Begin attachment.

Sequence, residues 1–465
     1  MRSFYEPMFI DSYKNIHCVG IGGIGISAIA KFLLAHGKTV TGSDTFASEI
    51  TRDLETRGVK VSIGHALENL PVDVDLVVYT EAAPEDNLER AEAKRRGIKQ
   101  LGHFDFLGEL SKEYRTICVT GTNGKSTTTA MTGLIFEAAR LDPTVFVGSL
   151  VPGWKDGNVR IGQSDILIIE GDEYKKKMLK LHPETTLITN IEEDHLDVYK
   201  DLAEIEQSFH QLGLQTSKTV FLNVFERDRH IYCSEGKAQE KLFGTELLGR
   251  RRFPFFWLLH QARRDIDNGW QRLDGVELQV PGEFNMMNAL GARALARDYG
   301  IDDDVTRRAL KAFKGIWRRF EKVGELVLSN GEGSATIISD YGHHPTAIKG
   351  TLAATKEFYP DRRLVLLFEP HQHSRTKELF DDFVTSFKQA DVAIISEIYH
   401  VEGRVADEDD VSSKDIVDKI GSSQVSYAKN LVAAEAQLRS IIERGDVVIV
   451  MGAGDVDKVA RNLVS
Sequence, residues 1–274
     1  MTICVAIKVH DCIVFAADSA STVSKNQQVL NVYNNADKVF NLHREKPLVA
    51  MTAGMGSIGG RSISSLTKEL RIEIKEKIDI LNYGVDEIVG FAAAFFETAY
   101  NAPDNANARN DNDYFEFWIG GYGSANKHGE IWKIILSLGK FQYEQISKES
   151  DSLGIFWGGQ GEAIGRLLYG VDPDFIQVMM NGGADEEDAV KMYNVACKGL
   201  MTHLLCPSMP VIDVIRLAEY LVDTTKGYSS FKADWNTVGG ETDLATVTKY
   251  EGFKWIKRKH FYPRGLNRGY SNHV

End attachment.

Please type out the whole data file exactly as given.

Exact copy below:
Sequence, residues 1–465
     1  MRSFYEPMFI DSYKNIHCVG IGGIGISAIA KFLLAHGKTV TGSDTFASEI
    51  TRDLETRGVK VSIGHALENL PVDVDLVVYT EAAPEDNLER AEAKRRGIKQ
   101  LGHFDFLGEL SKEYRTICVT GTNGKSTTTA MTGLIFEAAR LDPTVFVGSL
   151  VPGWKDGNVR IGQSDILIIE GDEYKKKMLK LHPETTLITN IEEDHLDVYK
   201  DLAEIEQSFH QLGLQTSKTV FLNVFERDRH IYCSEGKAQE KLFGTELLGR
   251  RRFPFFWLLH QARRDIDNGW QRLDGVELQV PGEFNMMNAL GARALARDYG
   301  IDDDVTRRAL KAFKGIWRRF EKVGELVLSN GEGSATIISD YGHHPTAIKG
   351  TLAATKEFYP DRRLVLLFEP HQHSRTKELF DDFVTSFKQA DVAIISEIYH
   401  VEGRVADEDD VSSKDIVDKI GSSQVSYAKN LVAAEAQLRS IIERGDVVIV
   451  MGAGDVDKVA RNLVS
Sequence, residues 1–274
     1  MTICVAIKVH DCIVFAADSA STVSKNQQVL NVYNNADKVF NLHREKPLVA
    51  MTAGMGSIGG RSISSLTKEL RIEIKEKIDI LNYGVDEIVG FAAAFFETAY
   101  NAPDNANARN DNDYFEFWIG GYGSANKHGE IWKIILSLGK FQYEQISKES
   151  DSLGIFWGGQ GEAIGRLLYG VDPDFIQVMM NGGADEEDAV KMYNVACKGL
   201  MTHLLCPSMP VIDVIRLAEY LVDTTKGYSS FKADWNTVGG ETDLATVTKY
   251  EGFKWIKRKH FYPRGLNRGY SNHV